Trooper: Diane McClelland knew of one burglary at Stepko residence
State police Tpr. Louis Serafini testified Friday morning at the homicide-conspiracy trial of Diane McClelland in Washington County Court that, in an August 2011 interview, the defendant said she knew of one of the burglaries that occurred at the home of Evelyn Stepko, 92, of Coal Center.
Stepko had reported to California police over a two-year period a series of burglaries at her home, where she was found stabbed to death July 18, 2011. Police later found more than $82,000 throughout the house.
McClelland’s husband, David A. McClelland, 57, pleaded guilty in October to first-degree murder and other charges in connection with Stepko’s death and Judge John DiSalle sentenced him to life in prison without the possibility of parole.
David A. McClelland’s son, David J. McClelland, a former part-time police officer for Washington Township, Fayette County, also faces homicide, conspiracy and receiving stolen property charges.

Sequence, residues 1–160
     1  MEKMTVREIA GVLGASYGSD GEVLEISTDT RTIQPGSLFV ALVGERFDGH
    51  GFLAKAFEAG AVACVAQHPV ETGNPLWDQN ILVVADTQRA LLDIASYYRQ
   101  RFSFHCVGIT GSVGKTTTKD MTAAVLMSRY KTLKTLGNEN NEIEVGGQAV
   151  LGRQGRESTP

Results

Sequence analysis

Under direct examination by First Assistant District Attorney Michael Lucas, Serafini said Diane McClelland waived her right to remain silent or have an attorney present during her two-hour interview with state police on Aug. 22, 2011, at the Belle Vernon barracks.
McClelland’s attorney, Brian Gorman, elicited testimony from Serafini that police have no evidence that Diane McClelland ever stole money from the Stepko residence or acted as a lookout.
Police previously told the jury about the McClellands’ spending sprees and large bank deposits of cash.
Testimony is scheduled to continue Friday afternoon, and it’s possible that the jury could begin deliberating the case later today.
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